I do not know that the rest of the sections have anything to do with the present controversy.
Seven has to do with the definition of a common carrier.
Eight has to do with the liability of common carriers under other Acts not impaired.
Nine refers to the survival of the right of action of the person injured.
And Ten has to do with the voiding of any contract which prevents employes from furnishing information regarding facts.
What I am getting at is: If you limit this liability as contended for it could be only as to Section One of the Act. I cannot believe that Congress intended in Section Five of the Act to limit the contract, making it void, to only Section One of the Act. It is way down, in Section Five, in the Act itself. And where you limit liability of the venue only, still it is a very important right given by the Act to the plaintiff, which is sought to be limited in this case. And I cannot see why venue, an additional venue given to employes by the provisions of the Act, and which certainly creates an additional legal right to the employees, and which necessarily follows creates a corresponding legal responsibility and obligation on an employer, why the word "liability" under Section Five of the Act does not include an attempt to limit that obligation or burden on the part of the employer just the same as any other liability under the Act or the entire Chapter.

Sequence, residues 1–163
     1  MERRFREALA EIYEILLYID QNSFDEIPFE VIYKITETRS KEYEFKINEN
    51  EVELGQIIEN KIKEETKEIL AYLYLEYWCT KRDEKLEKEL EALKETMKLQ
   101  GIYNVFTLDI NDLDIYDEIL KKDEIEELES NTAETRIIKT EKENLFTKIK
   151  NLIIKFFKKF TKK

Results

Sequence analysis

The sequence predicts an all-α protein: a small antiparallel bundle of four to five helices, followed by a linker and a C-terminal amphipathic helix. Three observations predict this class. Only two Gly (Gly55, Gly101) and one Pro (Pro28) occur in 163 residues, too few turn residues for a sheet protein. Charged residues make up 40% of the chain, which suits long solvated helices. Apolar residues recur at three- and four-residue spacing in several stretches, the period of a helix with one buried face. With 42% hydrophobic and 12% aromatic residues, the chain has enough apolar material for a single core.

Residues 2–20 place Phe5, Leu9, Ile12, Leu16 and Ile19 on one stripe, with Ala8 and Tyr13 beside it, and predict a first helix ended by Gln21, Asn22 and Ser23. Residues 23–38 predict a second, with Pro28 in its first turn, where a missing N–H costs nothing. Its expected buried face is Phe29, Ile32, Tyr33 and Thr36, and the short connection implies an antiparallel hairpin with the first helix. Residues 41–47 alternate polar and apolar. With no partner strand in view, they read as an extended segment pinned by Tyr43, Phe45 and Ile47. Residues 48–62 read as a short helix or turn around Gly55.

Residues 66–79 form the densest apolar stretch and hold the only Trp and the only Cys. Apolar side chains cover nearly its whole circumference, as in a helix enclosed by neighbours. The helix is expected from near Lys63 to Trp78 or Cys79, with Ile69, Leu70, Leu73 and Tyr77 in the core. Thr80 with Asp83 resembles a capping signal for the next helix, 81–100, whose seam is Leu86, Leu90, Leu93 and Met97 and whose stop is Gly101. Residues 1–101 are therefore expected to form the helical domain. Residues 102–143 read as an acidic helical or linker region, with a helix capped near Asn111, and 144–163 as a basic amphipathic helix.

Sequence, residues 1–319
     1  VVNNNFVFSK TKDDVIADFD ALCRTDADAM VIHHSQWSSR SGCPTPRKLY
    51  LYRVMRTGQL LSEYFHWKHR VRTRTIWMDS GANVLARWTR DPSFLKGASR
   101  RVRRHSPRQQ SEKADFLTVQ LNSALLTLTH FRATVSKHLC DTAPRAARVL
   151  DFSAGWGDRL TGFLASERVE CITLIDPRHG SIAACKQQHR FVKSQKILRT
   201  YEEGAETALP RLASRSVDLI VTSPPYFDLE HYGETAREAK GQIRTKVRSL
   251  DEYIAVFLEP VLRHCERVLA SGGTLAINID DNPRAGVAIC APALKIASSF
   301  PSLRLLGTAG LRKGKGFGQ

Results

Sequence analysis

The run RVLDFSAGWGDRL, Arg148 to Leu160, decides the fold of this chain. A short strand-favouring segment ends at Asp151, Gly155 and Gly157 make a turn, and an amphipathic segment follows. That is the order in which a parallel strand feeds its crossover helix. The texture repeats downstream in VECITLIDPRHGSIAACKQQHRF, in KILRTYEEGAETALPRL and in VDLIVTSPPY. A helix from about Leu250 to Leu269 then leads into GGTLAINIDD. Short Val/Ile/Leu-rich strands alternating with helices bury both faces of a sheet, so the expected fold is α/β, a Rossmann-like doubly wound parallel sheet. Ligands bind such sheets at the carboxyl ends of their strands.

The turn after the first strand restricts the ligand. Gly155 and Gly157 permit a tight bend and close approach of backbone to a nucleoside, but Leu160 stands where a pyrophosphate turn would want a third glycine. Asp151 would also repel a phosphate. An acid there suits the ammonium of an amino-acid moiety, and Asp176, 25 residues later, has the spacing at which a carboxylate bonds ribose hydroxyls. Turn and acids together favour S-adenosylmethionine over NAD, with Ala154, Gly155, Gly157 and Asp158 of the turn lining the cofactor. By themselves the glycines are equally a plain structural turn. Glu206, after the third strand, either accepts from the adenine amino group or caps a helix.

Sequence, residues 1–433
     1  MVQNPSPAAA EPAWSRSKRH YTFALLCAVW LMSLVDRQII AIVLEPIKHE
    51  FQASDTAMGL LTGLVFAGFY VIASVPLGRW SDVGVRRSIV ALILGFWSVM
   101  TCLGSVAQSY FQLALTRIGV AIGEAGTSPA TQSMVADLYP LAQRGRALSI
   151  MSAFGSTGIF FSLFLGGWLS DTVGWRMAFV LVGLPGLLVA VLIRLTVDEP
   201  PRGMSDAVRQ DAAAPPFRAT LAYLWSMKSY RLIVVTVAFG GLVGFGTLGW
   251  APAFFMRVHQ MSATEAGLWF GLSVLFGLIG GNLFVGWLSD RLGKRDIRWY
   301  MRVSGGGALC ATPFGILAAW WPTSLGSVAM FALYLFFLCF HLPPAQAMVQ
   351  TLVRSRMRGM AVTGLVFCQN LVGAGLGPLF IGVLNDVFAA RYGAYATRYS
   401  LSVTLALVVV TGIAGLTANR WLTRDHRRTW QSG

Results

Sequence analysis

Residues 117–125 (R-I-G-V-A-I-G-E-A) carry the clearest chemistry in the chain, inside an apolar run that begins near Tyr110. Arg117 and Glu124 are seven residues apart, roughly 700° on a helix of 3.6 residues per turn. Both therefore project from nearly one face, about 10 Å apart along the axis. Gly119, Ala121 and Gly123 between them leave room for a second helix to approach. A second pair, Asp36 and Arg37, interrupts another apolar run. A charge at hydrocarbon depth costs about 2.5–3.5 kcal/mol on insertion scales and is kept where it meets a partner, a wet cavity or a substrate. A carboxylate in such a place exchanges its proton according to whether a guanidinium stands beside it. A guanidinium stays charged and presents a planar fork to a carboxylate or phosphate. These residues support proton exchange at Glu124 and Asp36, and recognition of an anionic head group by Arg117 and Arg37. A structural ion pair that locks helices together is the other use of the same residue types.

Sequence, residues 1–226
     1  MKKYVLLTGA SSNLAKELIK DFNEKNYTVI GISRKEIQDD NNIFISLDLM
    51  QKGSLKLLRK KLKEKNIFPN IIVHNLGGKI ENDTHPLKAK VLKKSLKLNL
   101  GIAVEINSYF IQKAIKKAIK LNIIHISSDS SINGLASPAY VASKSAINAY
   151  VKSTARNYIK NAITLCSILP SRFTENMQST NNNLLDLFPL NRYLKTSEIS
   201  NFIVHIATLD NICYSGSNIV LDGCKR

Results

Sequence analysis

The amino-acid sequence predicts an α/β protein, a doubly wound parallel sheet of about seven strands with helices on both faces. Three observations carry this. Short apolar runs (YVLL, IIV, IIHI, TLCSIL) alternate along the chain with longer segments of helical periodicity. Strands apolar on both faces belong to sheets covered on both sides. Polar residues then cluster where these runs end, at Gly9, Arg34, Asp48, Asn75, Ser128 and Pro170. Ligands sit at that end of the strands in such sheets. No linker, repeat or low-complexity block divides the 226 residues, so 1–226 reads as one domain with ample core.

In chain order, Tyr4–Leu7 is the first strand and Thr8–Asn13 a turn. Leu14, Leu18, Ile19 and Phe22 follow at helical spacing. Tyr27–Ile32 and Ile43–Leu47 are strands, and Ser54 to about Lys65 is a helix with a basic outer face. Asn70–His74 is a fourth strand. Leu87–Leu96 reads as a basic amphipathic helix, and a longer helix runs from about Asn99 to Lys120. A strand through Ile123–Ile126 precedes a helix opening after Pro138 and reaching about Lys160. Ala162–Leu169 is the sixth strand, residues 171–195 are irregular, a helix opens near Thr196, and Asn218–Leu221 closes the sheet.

It seems plain to me that Congress did not intend to limit the right to voiding a contract limiting liability under the Act to the liability under paragraph One of the Act, but that it is on all the obligations created by the Act as against the employer; and I can not conscientiously determine and find that these contracts were valid contracts. Venue is easy to be waived, we all know that is true; but it has nothing to do with this case. Here we have a statutory right created and broadened by the Act itself, and that statutory right creates an additional obligation on the part of the employer, and also brings with it the prohibition against entering into a contract to limit that right as being void under section Five of the Act, 45 U.S.C.A. § 55.
I agree that the question of public policy is not here in the case, or at least is *902 not controlling, and I would not hold that the contract was contrary to public policy at all, although if it were a question of whether the contract was obtained by fraud, the fact that a person was hard up and would go to a company and ask for an advancement as to any damages that might accrue to him I think a contract of this kind might be introduced as an element of fact on the question of a violation of public policy; but I would not say it was against public policy in and of itself to sign such a contract.
I agree with Judge Barnes in his reasoning. Sherman v. Pere Marquette Ry. Co., D. C., 62 F. Supp. 590. So it will be the judgment and order of the Court that the motion will be sustained and the action dismissed upon its merits, with judgment against the plaintiff for costs. Plaintiff excepts.